The Searchbench - Combining Sentence-semantic, Full-text and Bibliographic Search in Digital Libraries
We describe a novel approach to precise searching in the full content of digital libraries. The Searchbench (for search workbench) is based on sentence-wise syntactic and semantic natural language processing (NLP) of both born-digital and scanned publications in PDF format. The term born-digital means natively digital, i.e. prepared electronically using typesetting systems such as LaTeX, OpenOffice, and the like. In the Searchbench, queries can be formulated as (possibly underspecified) statements, consisting of simple subject-predicate-object constructs such as ‘algorithm improves word alignment’. This reduces the number of false hits in large document collections when the search words happen to appear close to each other, but are not semantically related. The method also abstracts from passive voice and predicate synonyms. Moreover, negated statements can be excluded from the search results, and negated antonym predicates again count as synonyms (e.g. not include = exclude).
In the Searchbench, a sentence-semantic search can be combined with search filters for classical full-text, bibliographic metadata and automatically computed domain terms. Auto-suggest fields facilitate text input. Queries can be bookmarked or emailed. Furthermore, a novel citation browser in the Searchbench allows graphical navigation in citation networks. These have been extracted automatically from metadata and paper texts. The citation browser displays short phrases from citation sentences at the edges in the citation graph and thus allows students and researchers to quickly browse publications and immerse into a new research field. By clicking on a citation edge, the original citation sentence is shown in context, and optionally also in the original PDF layout.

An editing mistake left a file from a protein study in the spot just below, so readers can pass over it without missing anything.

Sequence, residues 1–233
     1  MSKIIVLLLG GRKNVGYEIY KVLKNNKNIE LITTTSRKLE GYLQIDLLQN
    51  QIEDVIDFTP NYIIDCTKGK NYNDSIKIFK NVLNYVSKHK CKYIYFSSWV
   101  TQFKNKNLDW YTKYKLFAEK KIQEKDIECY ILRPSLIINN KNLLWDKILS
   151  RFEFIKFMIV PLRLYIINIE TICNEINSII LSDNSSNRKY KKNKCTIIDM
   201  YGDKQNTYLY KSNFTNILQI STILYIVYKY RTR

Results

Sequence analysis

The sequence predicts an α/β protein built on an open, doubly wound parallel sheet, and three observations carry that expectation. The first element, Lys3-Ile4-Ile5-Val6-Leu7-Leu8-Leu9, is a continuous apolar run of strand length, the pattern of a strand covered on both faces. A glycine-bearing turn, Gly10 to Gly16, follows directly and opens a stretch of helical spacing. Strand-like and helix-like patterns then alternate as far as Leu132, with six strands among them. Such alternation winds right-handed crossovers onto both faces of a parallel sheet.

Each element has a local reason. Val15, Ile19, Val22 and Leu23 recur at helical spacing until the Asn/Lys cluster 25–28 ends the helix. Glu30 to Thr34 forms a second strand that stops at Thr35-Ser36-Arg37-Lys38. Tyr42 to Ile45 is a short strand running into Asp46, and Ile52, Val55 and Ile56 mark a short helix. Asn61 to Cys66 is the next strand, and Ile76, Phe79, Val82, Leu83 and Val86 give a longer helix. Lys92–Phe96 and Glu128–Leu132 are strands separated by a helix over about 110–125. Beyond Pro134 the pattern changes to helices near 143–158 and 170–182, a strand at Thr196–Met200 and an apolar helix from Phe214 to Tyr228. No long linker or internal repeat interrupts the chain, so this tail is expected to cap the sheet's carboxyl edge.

This article summarises 9 peer reviewed publications from the past three years that have been published in international conferences and workshops in the area of computational linguistics, and tries to present them in an appropriate way to the LIBER audience. The original papers contain more details and are freely available from the author’s homepage or via the Searchbench.
This work is licensed under a Creative Commons Attribution 3.0 License.